Nacton/Woodbridge: Inquest into death of Lance Corporal Sam Greenfield
THE cause of the death of a soldier who died after a military Landrover he was in crashed on the A14 was accidental, a coroner has ruled.
Lance Corporal Kevin Greenfield, known as Sam, of Rock Barracks, Woodbridge, was being driven on the A14 eastbound in Nacton at 8pm on March 4 this year.
L-Cpl Greenfield, 29, of 23 Engineer Regiment (Air Assault), was in the front passenger seat when the vehicle’s tyre suffered a blow out.
Pc Jeff Cribb collision investigator said: “The vehicle was travelling along the road and suffered a blow out causing the vehicle to go out of control and the driver was unable to get the vehicle under control. The vehicle hit the central barrier, the impact was significant but I do not consider it to have caused fatal injuries.
“The Land Rover came to rest broadside across lane two, it’s likely the lights went off because of a loss of connection. The area was unlit and as such a military-made camouflage would have been extremely difficult to see across the road.
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“I think it’s highly likely that Sam was in the process of getting out of the car and was making his way down the nearside of the vehicle at the time a second vehicle was driving a long the road.”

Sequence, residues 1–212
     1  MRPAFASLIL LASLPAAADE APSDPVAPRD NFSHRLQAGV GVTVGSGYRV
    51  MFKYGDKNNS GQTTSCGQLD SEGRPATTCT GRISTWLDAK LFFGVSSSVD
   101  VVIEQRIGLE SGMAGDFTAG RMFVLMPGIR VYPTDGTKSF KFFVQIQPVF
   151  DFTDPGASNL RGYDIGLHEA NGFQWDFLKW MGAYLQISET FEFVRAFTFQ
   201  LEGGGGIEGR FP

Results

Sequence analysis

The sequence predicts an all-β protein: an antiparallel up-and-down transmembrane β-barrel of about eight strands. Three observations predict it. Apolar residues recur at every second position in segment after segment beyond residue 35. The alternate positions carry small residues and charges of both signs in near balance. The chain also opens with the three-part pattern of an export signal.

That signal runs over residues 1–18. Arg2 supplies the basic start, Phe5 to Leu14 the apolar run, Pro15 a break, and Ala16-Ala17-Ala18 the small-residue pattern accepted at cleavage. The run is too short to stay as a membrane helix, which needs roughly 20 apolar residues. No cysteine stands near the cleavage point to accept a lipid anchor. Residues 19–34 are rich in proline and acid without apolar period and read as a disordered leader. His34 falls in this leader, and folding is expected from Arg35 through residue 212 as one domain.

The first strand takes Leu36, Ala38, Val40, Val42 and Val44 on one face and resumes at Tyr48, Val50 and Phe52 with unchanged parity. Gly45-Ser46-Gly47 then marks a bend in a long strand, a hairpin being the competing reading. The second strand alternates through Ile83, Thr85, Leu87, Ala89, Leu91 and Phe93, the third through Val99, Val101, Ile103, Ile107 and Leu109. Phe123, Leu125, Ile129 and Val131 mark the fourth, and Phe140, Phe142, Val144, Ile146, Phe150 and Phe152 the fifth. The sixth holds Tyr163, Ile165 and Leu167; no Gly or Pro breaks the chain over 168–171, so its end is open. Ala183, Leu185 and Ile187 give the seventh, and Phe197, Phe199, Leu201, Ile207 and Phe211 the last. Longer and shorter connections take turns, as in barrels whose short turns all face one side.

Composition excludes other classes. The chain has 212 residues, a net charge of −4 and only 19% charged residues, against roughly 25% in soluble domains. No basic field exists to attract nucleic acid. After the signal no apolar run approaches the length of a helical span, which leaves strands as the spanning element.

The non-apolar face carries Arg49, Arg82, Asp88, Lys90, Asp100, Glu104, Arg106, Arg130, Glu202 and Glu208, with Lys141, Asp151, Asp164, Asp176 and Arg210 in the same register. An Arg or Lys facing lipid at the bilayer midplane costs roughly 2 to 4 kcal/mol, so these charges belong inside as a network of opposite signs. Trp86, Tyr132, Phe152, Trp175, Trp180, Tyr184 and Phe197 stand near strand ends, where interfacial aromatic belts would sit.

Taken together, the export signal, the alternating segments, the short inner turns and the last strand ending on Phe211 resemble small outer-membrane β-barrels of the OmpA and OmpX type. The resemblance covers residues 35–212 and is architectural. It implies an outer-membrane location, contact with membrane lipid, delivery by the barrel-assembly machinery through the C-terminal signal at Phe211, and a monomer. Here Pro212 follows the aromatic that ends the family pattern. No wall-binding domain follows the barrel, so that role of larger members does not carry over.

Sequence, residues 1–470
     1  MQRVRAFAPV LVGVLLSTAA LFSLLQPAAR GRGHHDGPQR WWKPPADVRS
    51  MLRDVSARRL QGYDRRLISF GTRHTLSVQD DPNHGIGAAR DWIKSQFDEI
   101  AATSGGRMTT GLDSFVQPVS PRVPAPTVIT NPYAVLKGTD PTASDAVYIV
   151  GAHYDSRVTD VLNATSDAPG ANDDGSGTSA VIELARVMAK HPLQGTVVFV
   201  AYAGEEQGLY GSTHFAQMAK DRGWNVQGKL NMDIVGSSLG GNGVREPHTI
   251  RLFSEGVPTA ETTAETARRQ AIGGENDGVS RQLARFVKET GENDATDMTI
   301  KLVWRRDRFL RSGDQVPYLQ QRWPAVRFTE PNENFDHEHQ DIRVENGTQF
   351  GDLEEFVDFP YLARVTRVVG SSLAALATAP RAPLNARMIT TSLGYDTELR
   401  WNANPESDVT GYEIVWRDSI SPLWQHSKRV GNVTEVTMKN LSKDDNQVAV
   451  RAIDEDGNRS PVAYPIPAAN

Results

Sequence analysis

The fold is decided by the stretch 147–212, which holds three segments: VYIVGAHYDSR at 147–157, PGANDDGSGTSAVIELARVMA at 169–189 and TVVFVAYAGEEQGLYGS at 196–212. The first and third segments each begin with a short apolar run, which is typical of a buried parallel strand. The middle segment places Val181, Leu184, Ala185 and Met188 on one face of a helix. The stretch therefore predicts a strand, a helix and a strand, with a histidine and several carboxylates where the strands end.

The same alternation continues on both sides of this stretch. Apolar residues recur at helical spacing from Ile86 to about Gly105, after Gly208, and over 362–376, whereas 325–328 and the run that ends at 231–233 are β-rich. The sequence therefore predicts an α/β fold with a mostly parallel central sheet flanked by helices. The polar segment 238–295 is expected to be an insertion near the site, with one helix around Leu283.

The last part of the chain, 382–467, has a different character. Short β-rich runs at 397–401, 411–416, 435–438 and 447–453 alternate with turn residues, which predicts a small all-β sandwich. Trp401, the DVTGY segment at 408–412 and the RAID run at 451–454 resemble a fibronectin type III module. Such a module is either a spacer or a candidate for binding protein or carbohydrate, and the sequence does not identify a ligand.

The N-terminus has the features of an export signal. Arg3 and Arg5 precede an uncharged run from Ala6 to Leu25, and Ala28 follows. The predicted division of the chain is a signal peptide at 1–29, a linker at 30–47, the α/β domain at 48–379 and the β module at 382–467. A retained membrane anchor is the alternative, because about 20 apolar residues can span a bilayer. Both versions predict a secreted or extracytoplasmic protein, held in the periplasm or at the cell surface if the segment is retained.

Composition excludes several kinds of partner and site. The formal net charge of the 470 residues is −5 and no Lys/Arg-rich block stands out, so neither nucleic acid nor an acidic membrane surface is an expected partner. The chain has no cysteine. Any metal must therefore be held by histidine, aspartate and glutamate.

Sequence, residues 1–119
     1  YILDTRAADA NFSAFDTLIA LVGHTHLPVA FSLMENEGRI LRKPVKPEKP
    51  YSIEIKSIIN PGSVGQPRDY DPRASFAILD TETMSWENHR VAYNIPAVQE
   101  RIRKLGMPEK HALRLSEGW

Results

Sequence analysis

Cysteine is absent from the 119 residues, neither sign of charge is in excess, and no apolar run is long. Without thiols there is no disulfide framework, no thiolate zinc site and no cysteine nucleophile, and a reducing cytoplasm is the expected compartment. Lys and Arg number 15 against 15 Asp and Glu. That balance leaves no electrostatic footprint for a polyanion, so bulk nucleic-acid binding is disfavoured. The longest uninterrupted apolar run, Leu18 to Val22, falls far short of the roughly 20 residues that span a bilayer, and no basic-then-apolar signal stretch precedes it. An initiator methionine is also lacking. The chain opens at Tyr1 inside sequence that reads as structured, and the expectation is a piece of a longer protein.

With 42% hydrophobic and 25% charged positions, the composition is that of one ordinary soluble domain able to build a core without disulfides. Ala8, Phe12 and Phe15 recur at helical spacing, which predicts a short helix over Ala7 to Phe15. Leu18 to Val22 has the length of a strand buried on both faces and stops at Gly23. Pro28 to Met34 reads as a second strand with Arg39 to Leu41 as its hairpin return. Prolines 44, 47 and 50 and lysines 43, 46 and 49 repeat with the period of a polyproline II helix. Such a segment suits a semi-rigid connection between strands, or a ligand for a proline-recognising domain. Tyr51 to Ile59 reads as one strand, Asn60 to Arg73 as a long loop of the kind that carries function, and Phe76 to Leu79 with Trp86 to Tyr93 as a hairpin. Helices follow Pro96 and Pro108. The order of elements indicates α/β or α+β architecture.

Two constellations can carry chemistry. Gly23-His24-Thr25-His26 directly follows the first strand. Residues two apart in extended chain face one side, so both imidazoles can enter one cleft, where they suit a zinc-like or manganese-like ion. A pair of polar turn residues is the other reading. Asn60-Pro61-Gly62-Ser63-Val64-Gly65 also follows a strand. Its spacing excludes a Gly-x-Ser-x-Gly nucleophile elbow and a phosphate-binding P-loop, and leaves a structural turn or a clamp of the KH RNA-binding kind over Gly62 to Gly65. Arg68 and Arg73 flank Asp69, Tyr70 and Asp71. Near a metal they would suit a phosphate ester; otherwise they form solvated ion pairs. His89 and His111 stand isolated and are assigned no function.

He said a Volkswagen Passat, which was being driven at about 60mph, collided with the Land Rover obstructing the road.
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“The impact caused the Land Rover to spin very rapidly and strike Sam on the carriageway, because of the significant impact it is likely that it caused the fatal injuries.”
The inquest heard how neither the drivers of the Volkswagen or Land Rover had drunk alcohol or been using mobile phones.
Pc Cribb said the Land Rover’s collision with the barrier had caused the car’s lights to disconnect from the battery.
He said the tyre had probably failed because the Land Rover had been used off-road.
Coroner Dr Peter Dean recorded a verdict of accidental death.
A family statement, which was read out during the inquest, said they wished to “sincerely thank” all the emergency services for their work.
Padre Hyde, chaplain at Rock Barracks said: “He was extremely popular, a good soldier who will be much missed by his friends and family.”
L-Cpl Greenfield, who served for 12 years as a Royal Engineer, leaves behind his wife Charlene and three children.
He joined the Army in 1999 and had served tours in Northern Ireland, Congo and Afghanistan.